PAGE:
Do you want to hear more about my amazing trip to Easter Island? Or about when we trekked to see mountain gorillas in Uganda? How about the time we explored Angkor Wat, Petra, the Pyramids of Egypt etc.?
Maybe you don’t….
I came across a very interesting article from the New York Times- Great Vacation? Don’t Brag to Your Friends.
I can’t say that I usually get into long, detailed conversations about our travels with friends when we get home from a trip. Most of them don’t travel or have much interest in doing so.
With that being said, friends probably aren’t so interested in hearing about our adventures. When asked about our trips, I’ll usually mention a few things but I try not to bore them with all the awesome details…
The Times article nicely explains the science about what I kinda already knew.
In the article, the Times looks into a study in Psychological Science where they determined why “Your friends don’t want to hear about your excellent adventures“. The article goes on to say that experiences are ours and there could be a social cost- exclusion by friends that don’t want to hear about it.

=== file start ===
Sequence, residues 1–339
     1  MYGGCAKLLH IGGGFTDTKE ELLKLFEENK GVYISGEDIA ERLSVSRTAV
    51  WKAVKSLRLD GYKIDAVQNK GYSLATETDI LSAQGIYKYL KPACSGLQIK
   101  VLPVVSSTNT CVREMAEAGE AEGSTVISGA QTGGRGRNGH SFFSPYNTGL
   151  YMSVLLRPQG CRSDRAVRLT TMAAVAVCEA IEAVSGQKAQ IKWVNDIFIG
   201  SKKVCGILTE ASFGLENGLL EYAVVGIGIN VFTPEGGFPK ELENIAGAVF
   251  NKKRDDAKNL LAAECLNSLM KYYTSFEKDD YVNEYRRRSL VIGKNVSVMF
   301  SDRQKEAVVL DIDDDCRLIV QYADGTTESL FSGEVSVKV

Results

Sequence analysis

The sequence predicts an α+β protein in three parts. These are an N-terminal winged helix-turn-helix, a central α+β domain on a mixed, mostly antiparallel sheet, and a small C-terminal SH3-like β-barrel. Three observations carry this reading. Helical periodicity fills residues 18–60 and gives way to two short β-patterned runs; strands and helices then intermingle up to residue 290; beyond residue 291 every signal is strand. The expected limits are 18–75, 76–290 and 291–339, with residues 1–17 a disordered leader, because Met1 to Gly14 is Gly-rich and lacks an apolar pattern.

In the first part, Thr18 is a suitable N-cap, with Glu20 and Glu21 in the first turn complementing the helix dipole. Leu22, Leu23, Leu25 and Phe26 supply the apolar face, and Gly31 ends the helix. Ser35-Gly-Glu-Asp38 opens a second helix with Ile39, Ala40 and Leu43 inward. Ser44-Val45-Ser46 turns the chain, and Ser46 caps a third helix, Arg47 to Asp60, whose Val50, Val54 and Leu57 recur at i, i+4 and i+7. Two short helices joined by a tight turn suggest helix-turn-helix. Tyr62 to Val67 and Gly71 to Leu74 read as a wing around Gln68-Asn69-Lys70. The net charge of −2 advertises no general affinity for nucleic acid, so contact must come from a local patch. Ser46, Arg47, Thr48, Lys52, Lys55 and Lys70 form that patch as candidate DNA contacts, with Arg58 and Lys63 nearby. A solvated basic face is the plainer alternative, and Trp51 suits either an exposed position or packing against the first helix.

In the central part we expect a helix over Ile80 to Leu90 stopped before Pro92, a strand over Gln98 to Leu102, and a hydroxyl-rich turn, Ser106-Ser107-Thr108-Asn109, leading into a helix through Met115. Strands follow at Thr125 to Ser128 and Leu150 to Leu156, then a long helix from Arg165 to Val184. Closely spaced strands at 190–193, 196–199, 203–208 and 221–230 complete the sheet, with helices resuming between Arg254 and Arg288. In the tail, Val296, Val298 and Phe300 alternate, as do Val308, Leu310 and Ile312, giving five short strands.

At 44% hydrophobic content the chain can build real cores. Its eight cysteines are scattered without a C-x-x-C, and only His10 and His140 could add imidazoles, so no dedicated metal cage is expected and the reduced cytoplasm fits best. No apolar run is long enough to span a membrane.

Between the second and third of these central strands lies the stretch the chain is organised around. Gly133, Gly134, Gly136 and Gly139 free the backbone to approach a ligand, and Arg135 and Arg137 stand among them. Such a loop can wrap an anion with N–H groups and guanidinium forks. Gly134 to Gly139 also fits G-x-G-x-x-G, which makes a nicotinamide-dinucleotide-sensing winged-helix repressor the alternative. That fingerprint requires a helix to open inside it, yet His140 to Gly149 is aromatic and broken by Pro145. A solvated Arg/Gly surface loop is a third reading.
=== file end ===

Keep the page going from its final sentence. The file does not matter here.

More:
It sounds kind of cold but I kind of get it. If you weren’t there, do you really care about someone else’s experience? Probably not unless you are really interested in traveling.
According to the article, when people socialize and have had the same experiences, they like to talk about it regardless of how “mundane” it may have been. They might exclude the person who thinks everyone wants to hear about their incredible or unusual experience.
Another key point of the article/ study is “the pleasure of a social encounter is built on commonality“.
So when it comes to travel, those that haven’t had amazing experiences will most likely not care to hear about ours… (So you don’t want to hear about our amazing time on Easter Island??? 🙂 )
Find out more of the details in the NY Times article here.